The 3 HomePod settings you need to know

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Apple’s HomePod has arrived, and while the super-simple setup process may make a great first impression, there are a few other settings and menus it’s worth getting to grips with. The smart speaker offers voice-controlled access to not only your Apple Music account but potentially to messages and more on your iPhone, too. Some users are going to love that, but others may want to know the three key settings and menus they need to get master control over HomePod. Happily, we’ve got you covered.

The 3 HomePod settings you need to know

Turn off “Personal Requests”

HomePod’s integration with your iPhone doesn’t end when the setup process is finished. As long as the two devices are on the same WiFi network, you can use HomePod to send and hear your iPhone’s messages, add reminders, and create notes. Apple calls it “Personal Requests,” though right now HomePod isn’t entirely personal.

That’s because, in its current state, the smart speaker can’t tell the difference between who is speaking to it. While Siri on the iPhone can be trained to only respond when a certain person says “Hey Siri,” right now the HomePod doesn’t differentiate. Anybody can talk to it, ask for music, control any HomeKit smart home devices, and more.

It also means that anybody within listening range of HomePod can access your iPhone’s messages, reminders, and notes. For some, that’s going to be a step in domestic transparency too far – or they’ll just worry that their kids might inadvertently send some regrettable messages under their name. So, it’s worth considering turning Personal Requests off until Siri on HomePod figures out who to talk to.

You can choose not to enable Personal Requests during the initial setup process. However, if you change your mind either way later, you can toggle it on or off in the Home app on your phone. It’s not under HomePod, however: hit the arrow button in the top left corner and then choose your name in the list of registered HomeKit users. There’s a “Personal Requests” option in the Siri on HomePod category.

Don’t let other HomePod users screw up your Apple Music

Just as Siri will happily give anybody free rein with your messages if you leave “Personal Requests” turned on, so the assistant will also give any HomePod user access to your Apple Music account. Only one such account can be set up on the smart speaker at any one time, and so anything you – or other people in the house – listen to through HomePod is going to shape your listening history and might mess up your custom playlists with artists and styles you’re not really interested in.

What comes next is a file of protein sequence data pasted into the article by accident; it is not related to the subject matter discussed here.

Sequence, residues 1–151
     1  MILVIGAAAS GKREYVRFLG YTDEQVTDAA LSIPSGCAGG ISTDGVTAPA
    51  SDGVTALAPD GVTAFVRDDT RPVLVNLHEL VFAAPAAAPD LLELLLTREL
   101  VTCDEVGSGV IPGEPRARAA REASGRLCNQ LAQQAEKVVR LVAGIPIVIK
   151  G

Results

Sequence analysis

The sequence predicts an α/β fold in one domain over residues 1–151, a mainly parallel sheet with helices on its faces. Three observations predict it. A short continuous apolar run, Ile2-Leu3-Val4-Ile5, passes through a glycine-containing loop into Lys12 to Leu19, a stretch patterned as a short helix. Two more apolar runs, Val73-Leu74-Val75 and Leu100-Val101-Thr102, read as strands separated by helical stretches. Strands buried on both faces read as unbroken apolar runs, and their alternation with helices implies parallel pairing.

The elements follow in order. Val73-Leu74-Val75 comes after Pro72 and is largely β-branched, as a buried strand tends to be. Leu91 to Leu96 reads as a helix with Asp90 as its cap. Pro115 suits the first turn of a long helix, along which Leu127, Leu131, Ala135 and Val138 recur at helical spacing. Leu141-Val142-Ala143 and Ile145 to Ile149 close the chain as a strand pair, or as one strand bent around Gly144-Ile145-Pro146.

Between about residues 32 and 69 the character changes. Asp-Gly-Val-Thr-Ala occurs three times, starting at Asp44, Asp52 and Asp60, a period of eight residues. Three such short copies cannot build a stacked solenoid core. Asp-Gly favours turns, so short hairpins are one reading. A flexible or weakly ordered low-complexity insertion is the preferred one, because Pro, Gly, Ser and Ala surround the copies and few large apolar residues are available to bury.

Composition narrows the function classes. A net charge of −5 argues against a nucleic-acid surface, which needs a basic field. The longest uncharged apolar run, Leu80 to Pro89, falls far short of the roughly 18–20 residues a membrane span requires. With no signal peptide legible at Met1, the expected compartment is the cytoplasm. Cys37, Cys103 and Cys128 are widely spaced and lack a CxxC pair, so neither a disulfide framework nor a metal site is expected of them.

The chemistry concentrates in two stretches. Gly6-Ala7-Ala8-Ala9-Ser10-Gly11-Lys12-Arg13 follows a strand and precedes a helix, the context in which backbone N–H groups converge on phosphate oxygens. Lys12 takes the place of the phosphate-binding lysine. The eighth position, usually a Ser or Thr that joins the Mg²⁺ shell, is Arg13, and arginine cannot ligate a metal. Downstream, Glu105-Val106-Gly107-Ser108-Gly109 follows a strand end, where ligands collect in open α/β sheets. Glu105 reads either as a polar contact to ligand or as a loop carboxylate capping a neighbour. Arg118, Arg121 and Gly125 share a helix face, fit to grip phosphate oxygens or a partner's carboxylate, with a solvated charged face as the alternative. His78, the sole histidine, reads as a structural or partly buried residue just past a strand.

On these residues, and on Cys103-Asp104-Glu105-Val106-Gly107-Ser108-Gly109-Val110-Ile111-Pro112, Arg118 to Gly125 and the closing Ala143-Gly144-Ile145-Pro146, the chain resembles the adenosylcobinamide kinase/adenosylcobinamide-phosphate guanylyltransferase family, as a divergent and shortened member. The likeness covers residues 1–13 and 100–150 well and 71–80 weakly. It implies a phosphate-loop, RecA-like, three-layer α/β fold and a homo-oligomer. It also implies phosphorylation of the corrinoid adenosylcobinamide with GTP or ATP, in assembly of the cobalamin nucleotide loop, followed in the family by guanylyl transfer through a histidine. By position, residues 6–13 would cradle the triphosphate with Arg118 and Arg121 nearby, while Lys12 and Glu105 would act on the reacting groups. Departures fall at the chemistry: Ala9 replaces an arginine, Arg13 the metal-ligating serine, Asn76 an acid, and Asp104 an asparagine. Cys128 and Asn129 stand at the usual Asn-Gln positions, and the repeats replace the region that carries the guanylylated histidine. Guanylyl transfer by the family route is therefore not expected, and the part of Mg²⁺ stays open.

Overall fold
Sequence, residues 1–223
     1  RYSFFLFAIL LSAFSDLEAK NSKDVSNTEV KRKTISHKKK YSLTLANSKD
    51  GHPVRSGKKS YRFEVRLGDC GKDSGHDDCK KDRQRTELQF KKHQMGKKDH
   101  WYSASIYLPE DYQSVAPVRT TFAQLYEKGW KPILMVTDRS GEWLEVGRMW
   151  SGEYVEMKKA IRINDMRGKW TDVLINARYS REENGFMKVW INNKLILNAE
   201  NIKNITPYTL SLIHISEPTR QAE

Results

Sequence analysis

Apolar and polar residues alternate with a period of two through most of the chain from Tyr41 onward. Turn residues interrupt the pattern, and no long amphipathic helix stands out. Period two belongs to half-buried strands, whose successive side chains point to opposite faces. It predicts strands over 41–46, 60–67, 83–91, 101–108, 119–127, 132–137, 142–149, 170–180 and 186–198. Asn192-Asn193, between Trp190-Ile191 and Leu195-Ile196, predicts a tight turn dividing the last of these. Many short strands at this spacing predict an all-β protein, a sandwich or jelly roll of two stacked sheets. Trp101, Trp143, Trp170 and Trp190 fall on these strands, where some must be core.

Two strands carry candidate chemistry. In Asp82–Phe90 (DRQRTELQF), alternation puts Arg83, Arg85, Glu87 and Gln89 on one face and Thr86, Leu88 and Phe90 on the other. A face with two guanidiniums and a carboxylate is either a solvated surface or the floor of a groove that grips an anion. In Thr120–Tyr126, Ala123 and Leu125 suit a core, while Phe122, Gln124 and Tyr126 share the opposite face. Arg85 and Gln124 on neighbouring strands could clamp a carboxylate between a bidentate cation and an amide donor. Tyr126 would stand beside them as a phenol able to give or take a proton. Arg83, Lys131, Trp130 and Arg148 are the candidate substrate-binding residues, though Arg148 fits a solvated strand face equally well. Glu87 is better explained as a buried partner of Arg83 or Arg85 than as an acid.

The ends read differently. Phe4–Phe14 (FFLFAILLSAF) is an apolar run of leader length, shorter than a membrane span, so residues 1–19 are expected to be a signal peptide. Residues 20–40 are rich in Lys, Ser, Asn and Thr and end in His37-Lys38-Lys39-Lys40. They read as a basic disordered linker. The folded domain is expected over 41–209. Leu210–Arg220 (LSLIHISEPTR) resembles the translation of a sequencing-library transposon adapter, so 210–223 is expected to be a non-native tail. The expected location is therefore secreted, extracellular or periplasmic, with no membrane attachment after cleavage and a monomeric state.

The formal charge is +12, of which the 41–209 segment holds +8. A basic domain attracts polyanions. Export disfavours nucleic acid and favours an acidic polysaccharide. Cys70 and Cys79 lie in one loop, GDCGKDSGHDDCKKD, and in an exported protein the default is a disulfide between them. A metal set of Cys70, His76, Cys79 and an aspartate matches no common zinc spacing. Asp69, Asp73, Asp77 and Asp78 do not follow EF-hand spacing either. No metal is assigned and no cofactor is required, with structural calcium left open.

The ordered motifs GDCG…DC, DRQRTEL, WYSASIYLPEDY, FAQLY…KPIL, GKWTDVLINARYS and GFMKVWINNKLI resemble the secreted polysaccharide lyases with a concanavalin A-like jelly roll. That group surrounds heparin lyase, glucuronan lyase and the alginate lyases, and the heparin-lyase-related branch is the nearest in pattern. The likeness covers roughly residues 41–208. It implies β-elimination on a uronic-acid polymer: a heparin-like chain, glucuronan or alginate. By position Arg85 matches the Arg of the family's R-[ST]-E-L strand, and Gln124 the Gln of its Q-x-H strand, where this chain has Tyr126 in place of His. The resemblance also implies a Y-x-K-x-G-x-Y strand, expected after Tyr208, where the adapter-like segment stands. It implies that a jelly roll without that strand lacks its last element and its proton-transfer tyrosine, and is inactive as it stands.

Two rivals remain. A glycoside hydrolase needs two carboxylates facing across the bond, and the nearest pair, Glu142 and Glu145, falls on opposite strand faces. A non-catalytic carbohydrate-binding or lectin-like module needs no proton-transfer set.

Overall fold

Happily, Apple offers a way to turn that off too. In the Home app, long-press the HomePod icon that’s added to the device list, and then choose “Details” in the bottom right corner. The “Use Listening History” option controls whether music played on the HomePod can influence any of the recommendations in the “For You” section in Apple Music on other devices. It’s worth noting, though, that turning this off also stops HomePod from synchronizing your podcast playback point: switch the listening history option off, and HomePod won’t be able to automatically resume your podcasts from where you left off on your iPhone.

Get familiar with HomePod in Apple Music

Siri may be your HomePod’s voice controlled DJ and smart assistant, but you don’t have to control playback solely by voice if you don’t want to. If you’re within reach of HomePod you can access a range of simple controls using the touch panel on the top of the speaker. A single tap in the middle toggles between play and pause on the current track; a double-tap skips forward, while a triple-tap skips back. There are volume up/down buttons too, which you can either tap or hold.

You can also access HomePod within the Apple Music app on your iPhone, however. Press the AirPlay button in the app, and you’ll see two options: one for your iPhone, and the other for your HomePod. If you tap the HomePod option in the list, whatever is playing on your iPhone will automatically replace whatever the speaker was playing at the time.

Tap the HomePod option underneath, meanwhile, and you get an expanded menu. From there you can control the smart speaker’s currently-playing track, volume, and see what’s coming up next in the playlist. You can also open up lyrics for supported tracks, and create a new Apple Music radio station from the current song.

Wrap-up

It’s early days for HomePod, but there’s more functionality to come down the line in 2018. Apple will release an update later in the year that will enable AirPlay 2 for the smart speaker, allowing two HomePod units to be paired together for stereo playback. At the same time, it’ll also enable multi-room playback, so that you can have the same song playing on different HomePod speakers in different rooms, all simultaneously.

(slashgear.com, https://goo.gl/XTVqqy)

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